I do not like drama. It actually makes me irritable which, of course, only adds to the drama. I fully realize in a world populated with humans with internet access, there is going to be SOME drama. I get that. What I can’t tolerate is perpetual drama, recreational drama; drama as entertainment, drama to sell and drama evangelists. The kind of drama you get on Social Media 24/7/365.
Here are seven quick suggestions on how to decrease some of the very real drama in your virtual life.
1) If you truly were happier before social media took over the world, disconnect from it.
Deactivate your account and be done with it. I assure you the cyber world will not miss you (or me) but you may be healthier without it.
2) Don’t be afraid to use the “unfriend” or “unsubscribe” options.
Cyber “friendships” end quite painlessly and “unsubscribing” from a person who stirs up drama with every post will actually be much better for your real life relationship (if you actually have one). There are LOTS of people I liked better before I knew their every thought. And if they notice you “unfriended” them and ask why, tell them the truth with all kindness. Many people don’t have strong “self-awareness” and this honest conversation could be the best thing that ever happened to them.
3) Be careful with what you post.
Some people post stuff that is sure to cause a firestorm and honestly can’t figure out that they lit the match. If you aren’t sure you should post something, don’t. If you can’t take it, don’t give it and if you don’t want it, don’t ask for it. Also if you don’t want people in your business, don’t hang your dirty laundry in front of your cyber house.
4) Develop a mission statement for your social media use.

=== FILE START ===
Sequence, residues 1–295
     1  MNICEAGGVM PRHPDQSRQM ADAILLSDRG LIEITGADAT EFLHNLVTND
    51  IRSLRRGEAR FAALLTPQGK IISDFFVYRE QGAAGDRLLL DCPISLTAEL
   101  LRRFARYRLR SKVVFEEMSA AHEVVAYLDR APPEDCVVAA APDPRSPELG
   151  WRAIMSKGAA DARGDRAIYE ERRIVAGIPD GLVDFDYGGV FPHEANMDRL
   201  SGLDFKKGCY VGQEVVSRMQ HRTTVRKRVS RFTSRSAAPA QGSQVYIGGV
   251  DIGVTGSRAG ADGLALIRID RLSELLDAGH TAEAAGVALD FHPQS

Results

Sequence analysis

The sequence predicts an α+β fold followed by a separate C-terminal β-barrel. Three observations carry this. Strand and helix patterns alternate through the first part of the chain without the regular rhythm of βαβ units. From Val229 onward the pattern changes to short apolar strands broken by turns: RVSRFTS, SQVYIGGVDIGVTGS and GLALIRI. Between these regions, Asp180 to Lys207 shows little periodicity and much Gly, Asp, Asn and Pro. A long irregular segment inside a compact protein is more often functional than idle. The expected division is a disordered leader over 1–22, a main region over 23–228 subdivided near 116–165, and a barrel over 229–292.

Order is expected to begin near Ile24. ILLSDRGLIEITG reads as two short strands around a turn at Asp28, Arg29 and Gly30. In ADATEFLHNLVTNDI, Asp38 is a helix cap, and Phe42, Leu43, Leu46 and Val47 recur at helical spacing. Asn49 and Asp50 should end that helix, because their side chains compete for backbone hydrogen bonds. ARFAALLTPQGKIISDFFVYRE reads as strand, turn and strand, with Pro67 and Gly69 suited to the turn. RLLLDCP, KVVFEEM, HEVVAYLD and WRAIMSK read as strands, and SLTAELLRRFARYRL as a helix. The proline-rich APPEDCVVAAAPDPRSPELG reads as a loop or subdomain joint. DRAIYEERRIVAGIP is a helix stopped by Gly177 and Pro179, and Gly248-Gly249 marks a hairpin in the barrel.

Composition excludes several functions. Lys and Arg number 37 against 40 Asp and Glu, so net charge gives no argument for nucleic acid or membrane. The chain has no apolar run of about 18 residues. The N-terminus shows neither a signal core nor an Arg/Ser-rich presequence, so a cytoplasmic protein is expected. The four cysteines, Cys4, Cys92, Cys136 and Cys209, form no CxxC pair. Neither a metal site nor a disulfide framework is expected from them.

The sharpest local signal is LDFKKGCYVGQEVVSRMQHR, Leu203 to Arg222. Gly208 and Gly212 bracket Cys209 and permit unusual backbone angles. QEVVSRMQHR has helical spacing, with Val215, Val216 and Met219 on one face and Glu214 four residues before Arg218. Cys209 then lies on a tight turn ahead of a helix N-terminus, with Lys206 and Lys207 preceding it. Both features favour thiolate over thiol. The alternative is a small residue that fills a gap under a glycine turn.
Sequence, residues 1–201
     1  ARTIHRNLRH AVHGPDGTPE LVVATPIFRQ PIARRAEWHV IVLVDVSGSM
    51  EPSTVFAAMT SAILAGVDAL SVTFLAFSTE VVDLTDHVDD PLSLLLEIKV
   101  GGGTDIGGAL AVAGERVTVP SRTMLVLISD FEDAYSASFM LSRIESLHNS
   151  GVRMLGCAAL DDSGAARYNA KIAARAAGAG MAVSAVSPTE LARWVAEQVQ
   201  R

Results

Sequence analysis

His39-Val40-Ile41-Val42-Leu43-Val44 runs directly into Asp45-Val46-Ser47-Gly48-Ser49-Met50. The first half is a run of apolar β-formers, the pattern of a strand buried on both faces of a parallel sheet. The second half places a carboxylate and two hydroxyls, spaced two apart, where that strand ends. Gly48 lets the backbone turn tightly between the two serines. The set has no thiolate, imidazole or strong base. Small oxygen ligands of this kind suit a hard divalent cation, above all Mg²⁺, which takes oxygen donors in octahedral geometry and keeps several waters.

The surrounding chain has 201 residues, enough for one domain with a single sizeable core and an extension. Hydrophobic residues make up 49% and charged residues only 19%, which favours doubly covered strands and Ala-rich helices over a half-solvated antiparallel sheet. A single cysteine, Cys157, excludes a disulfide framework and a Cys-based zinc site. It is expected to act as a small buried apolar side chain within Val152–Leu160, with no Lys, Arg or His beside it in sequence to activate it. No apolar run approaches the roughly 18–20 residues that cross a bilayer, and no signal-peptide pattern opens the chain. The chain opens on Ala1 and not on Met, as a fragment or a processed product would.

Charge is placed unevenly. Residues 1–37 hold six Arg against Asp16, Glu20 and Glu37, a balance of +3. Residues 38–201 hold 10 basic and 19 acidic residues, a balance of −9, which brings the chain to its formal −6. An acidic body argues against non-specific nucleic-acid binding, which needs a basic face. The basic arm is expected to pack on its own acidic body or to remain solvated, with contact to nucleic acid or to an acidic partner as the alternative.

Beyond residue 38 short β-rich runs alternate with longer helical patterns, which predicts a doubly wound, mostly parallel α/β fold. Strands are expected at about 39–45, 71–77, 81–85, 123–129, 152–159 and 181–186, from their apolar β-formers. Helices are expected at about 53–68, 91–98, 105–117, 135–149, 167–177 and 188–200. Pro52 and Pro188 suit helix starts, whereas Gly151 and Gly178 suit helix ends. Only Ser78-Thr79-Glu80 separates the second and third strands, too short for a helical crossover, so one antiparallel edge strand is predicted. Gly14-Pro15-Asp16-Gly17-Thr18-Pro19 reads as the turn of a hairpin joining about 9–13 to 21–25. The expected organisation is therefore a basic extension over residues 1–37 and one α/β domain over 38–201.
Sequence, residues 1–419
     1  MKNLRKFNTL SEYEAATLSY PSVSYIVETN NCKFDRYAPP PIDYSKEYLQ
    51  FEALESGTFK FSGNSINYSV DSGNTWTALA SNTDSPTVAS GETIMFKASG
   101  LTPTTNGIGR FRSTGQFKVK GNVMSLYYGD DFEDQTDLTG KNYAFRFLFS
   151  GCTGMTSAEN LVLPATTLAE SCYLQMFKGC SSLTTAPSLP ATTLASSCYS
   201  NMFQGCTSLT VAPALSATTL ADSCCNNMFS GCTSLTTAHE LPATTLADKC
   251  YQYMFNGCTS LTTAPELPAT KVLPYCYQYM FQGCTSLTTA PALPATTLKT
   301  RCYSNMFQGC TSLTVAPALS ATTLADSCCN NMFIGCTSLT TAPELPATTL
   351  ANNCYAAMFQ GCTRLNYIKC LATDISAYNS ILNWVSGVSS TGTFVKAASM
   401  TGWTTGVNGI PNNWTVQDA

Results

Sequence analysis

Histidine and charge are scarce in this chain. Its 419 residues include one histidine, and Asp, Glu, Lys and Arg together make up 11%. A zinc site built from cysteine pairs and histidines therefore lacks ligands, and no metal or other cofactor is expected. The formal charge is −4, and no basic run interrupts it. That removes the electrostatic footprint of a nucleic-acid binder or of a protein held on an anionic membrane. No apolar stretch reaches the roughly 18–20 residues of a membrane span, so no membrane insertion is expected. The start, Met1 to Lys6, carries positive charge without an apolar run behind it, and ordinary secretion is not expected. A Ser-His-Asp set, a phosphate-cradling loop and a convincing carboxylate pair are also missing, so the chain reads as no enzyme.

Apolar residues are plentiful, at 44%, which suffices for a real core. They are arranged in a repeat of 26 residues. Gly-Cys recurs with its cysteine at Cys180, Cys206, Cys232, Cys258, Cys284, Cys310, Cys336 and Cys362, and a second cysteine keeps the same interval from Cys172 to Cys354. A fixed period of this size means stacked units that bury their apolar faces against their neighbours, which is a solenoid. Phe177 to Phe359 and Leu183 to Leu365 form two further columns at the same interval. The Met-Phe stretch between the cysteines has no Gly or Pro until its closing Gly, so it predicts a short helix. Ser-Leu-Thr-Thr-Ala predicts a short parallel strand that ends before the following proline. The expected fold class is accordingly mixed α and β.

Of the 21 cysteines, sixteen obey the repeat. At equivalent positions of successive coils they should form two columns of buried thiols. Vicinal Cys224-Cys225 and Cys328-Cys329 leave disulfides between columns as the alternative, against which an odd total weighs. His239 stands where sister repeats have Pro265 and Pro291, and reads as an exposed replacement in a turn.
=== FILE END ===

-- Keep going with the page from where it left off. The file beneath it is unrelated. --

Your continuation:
“To keep up with friends and family,” “To Share my faith” or “To Celebrate life” would be examples. And then stay on mission. Don’t get drawn into religious arguments, political scrums, relational drama or debates you don’t want to enter. My mission is “to celebrate the joy of authentic Christian living.” Faith, music, art, sports, history and culture all support this mission; criticism, party line politics, denominational arguments, rancorous debate and dogmatic diatribes do not. I want to keep it positive and have a good time while I am at it.
5) Pray the internet.
Turn the drama into prayer. Praying through your news feed item by item and sharing those prayers on the pages of others can be a rewarding spiritual exercise. And don’t type “praying” if you are not actually going to pray.
6) Learn to associate frustration with silence.
7) Take control.
Social media lets you have significant input into what you encounter if you take control of your feed. Think of it like one of those companies who sends you clothes and you send back what you don’t want. They are going to try to get it right because they want to sell you stuff and so will social media…for the same reasons. When stuff is thrown at you that you don’t want, send it back by using the controls available to you. In time, the things you see should suit you much better.
This is a brand new world. Social media offers some real opportunities to enhance or detract from the quality of your life. Facing it proactively, honestly, intentionally and with a mission will make sure what you hoped would be an enjoyable blessing doesn’t turn into a gut busting curse.
Rev. Shane L. Bishop is the Sr. Pastor of Christ Church in Fairview Heights, Illinois.